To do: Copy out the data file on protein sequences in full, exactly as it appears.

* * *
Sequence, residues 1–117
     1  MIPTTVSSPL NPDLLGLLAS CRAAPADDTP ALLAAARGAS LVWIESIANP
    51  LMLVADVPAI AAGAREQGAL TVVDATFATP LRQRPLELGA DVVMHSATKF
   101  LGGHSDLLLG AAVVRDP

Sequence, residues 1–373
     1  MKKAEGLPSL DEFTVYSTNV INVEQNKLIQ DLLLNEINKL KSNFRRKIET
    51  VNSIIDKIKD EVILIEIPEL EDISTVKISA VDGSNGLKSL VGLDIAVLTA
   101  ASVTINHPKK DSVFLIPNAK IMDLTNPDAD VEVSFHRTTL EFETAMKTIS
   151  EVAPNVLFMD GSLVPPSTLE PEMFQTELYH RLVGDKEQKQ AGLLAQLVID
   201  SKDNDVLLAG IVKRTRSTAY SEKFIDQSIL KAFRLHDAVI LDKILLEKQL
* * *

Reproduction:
Sequence, residues 1–117
     1  MIPTTVSSPL NPDLLGLLAS CRAAPADDTP ALLAAARGAS LVWIESIANP
    51  LMLVADVPAI AAGAREQGAL TVVDATFATP LRQRPLELGA DVVMHSATKF
   101  LGGHSDLLLG AAVVRDP

Sequence, residues 1–373
     1  MKKAEGLPSL DEFTVYSTNV INVEQNKLIQ DLLLNEINKL KSNFRRKIET
    51  VNSIIDKIKD EVILIEIPEL EDISTVKISA VDGSNGLKSL VGLDIAVLTA
   101  ASVTINHPKK DSVFLIPNAK IMDLTNPDAD VEVSFHRTTL EFETAMKTIS
   151  EVAPNVLFMD GSLVPPSTLE PEMFQTELYH RLVGDKEQKQ AGLLAQLVID
   201  SKDNDVLLAG IVKRTRSTAY SEKFIDQSIL KAFRLHDAVI LDKILLEKQL